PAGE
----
SUNY Adirondack in Queensbury is offering a credit course in the history of Warren and Washington counties for the 2016 Fall semester.
The course spans from Native American occupation and the Colonial Wars, to the establishment of communities by Europeans and African-Americans, finally covering the homefront of the World Wars, the suburbanization, and the rise of tourism.
What can the collections of the Harvard University Libraries teach us about our early American past?
It turns out, quite a lot.
In this episode of the Ben Franklin’s World podcast, Taylor Stoermer, a Visiting Fellow at the Harvard Graduate School of Arts & Sciences, takes us through the Harvard Libraries’ new digital and free-to-use history archive: the Colonial North American Project. You can listen to the podcast here: www.benfranklinsworld.com/093
A pair of North Country men, born just a few miles apart in Jefferson County, left New York in their adult years and settled about 65 miles apart in Illinois, where each left his lasting mark. Together, their names were also attached to an institution in Arkansas that lives on nearly a century and a half later.
John Budlong was born in February 1833 in Rodman, New York, about eight miles south of Watertown. The Budlong family has many historical connections dating back to the Revolutionary War. John attended several of the best schools in the region: the Rodman Seminary, the Jefferson County Institute at Watertown, the Adams Institute, and Falley Seminary at Fulton in Oswego County. At the age of 18 he began a wide-ranging teaching career, working in North Carolina, Texas, and Missouri before returning to Rodman, where he continued teaching and began studying law. Continue reading
Teachers and the public are invited to discover new and innovative ways to engage children and young people in our region’s significant places at Teaching the Hudson Valley’s annual summer institute. This year’s program, Find Your Park, Museum, Historic Site: Gain a Classroom, celebrates the centennial of the National Park Service and will be held July 26-28 at the Henry A. Wallace Education and Visitors Center on the grounds of the Franklin D. Roosevelt Home and Presidential Library in Hyde Park. Continue reading
At present the position of the New York State Historians lies deep within the bowels of the state bureaucracy, starved for resources, and scarcely able to see the light of day through all the bureaucratic levels above it.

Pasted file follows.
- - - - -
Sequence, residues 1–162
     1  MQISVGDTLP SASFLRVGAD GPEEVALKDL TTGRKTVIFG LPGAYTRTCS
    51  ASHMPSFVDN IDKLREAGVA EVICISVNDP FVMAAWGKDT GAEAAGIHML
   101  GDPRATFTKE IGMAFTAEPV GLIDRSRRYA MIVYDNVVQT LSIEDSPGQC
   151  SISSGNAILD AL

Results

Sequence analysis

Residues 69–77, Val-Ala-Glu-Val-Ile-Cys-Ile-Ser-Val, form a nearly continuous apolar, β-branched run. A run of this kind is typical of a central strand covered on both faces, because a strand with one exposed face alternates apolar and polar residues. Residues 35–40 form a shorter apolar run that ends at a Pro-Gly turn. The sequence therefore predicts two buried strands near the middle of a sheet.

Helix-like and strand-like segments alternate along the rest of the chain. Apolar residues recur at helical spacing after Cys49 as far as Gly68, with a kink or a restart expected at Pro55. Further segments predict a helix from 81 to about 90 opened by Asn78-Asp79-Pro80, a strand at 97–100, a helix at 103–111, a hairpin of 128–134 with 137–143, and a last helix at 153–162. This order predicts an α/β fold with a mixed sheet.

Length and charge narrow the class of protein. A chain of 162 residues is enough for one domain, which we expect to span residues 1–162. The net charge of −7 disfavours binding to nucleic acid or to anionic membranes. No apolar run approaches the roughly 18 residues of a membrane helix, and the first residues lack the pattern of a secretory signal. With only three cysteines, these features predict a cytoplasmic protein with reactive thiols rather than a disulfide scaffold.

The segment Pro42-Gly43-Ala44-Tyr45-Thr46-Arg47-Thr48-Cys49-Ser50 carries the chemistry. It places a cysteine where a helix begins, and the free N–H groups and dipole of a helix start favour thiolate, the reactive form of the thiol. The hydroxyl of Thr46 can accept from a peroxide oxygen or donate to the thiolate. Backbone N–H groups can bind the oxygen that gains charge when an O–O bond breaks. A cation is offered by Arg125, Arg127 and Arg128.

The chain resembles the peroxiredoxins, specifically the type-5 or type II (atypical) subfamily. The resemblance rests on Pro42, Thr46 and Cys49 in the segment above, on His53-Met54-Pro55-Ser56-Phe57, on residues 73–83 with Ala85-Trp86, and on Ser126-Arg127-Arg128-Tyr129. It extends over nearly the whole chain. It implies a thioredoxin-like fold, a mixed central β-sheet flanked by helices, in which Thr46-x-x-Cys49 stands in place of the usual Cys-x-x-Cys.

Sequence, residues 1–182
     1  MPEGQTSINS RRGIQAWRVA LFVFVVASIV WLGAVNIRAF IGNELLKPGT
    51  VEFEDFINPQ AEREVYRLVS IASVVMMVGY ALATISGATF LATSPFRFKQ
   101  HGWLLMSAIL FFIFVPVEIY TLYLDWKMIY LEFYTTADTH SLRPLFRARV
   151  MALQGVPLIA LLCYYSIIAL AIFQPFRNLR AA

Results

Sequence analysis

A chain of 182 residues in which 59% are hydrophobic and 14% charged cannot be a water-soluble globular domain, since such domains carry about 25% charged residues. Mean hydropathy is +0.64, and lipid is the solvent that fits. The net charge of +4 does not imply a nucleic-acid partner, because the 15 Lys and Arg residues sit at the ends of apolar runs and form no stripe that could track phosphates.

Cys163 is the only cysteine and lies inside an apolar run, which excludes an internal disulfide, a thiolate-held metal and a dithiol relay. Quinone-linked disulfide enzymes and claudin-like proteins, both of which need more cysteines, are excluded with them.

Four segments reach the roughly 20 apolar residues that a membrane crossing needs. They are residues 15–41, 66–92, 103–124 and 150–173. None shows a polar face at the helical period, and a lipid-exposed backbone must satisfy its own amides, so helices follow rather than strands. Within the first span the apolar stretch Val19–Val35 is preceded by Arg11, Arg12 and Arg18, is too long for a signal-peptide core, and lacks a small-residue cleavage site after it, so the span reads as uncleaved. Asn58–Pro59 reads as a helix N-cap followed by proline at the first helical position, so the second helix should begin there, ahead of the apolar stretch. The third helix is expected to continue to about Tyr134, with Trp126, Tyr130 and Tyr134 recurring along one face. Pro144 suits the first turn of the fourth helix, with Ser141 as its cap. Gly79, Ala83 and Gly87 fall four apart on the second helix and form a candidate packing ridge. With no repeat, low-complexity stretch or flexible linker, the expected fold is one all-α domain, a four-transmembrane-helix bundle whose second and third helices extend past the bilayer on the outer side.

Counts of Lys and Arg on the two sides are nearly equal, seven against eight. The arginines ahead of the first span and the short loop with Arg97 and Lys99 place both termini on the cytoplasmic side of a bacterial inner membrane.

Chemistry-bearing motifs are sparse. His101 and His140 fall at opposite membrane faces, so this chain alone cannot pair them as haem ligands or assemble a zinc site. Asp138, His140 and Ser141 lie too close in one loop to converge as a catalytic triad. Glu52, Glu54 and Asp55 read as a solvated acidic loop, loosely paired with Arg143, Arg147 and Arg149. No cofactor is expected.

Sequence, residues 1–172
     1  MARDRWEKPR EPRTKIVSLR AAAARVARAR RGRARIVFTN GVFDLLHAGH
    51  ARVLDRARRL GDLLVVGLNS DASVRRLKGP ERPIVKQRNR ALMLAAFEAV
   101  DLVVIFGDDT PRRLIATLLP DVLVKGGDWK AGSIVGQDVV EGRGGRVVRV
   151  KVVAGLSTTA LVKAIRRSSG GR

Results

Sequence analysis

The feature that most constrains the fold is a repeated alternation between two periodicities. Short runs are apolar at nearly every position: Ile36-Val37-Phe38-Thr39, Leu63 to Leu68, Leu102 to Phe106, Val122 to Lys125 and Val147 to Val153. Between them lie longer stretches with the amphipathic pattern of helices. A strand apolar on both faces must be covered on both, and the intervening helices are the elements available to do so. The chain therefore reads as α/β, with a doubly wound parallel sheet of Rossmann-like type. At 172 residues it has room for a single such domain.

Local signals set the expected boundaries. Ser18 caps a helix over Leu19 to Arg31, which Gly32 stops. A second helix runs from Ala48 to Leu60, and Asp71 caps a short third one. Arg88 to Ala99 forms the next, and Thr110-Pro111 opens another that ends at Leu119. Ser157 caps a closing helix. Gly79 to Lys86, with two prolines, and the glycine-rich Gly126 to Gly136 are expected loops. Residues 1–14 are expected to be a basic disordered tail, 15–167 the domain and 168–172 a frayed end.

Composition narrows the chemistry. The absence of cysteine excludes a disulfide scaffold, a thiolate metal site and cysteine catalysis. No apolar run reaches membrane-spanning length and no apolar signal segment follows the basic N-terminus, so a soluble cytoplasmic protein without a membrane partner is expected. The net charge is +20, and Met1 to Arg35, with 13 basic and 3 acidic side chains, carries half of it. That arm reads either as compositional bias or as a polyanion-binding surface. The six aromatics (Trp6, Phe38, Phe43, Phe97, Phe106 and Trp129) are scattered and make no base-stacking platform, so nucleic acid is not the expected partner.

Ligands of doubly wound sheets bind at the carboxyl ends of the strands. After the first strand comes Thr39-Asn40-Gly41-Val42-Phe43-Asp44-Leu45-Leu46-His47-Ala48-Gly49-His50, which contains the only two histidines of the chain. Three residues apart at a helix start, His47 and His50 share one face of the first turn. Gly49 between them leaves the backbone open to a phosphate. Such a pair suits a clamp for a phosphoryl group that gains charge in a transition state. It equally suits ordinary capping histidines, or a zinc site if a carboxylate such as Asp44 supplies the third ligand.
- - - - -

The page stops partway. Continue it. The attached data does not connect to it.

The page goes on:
Formerly, the State Historian reported to the Director of the New York State Museum, who reports to the Deputy Commissioner for the Office of Culture and Education, who reports to the Executive Deputy Commissioner of Education, who reports to Commissioner of Education, who answers to the Board of Regents.
But what does that mean? Continue reading
What follows is an open letter sent to New York State Education Commissioner MaryEllen Elia from Carol Kammen and Judy Wellman.
We write as members of the Commission on Local and Public History that was convened ten years ago by Deputy Commissioner for Cultural Education Carole Huxley to advise the Department of Education on the appointment of a State Historian. Continue reading
The Klyne Esopus Museum Will Present “The Wiltwyck School for Boys: Reclaiming Human Lives,” a lecture by Eve P. Smith, on April 16, at 4 pm at the Esopus Town Hall, in Ulster County, NY.
Smith will discuss the history and legacy of the Wiltwyck School for Boys in Esopus. The School was co-founded and championed by First Lady Eleanor Roosevelt in 1942. Continue reading
They drove ambulances, bandaged the wounded, fed the hungry, ran hospitals and orphanages and raised money. The men and women who volunteered in Europe during the early years of the Great War – when the United States maintained neutrality – forged a template for modern humanitarian efforts.
Their work helped to pioneer ways to negotiate aid around the interests of warring countries, and created the infrastructure for food relief and other efforts. These activities are featured in The Volunteers: Americans Join World War I, 1914-1919, a new teacher’s curriculum launched in conjunction with an exhibition at the National World War I Museum in Kansas City, opening in April. Continue reading
When New York’s governor appointed the first State Historian in 1895, the Progressive Era was just getting underway. The appointment was part of a much larger reform movement to strengthen American democracy by professionalizing government and promoting more active and knowledgeable civic participation in public affairs.
Progressives were especially focused on public education, and in 1911 – seven years after the establishment of the State Education Department – New York moved its State Historian from the Governor’s office to the newly formed department. Continue reading
In 2005, during Governor George Pataki’s administration, the New York State Legislature created the Amistad Commission to review the state’s curriculum about the slave trade.
“All people should know of and remember the human carnage and dehumanizing atrocities committed during the period of the African slave trade and slavery in America and consider the vestiges of slavery in this country,” the Amistad Commission website says. “It is vital to educate our citizens on these events, the legacy of slavery, the sad history of racism in this country, and on the principles of human rights and dignity in a civilized society.”
Unfortunately, the Amistad Commission’s effort to update the state’s slavery curriculum has been a failure. Continue reading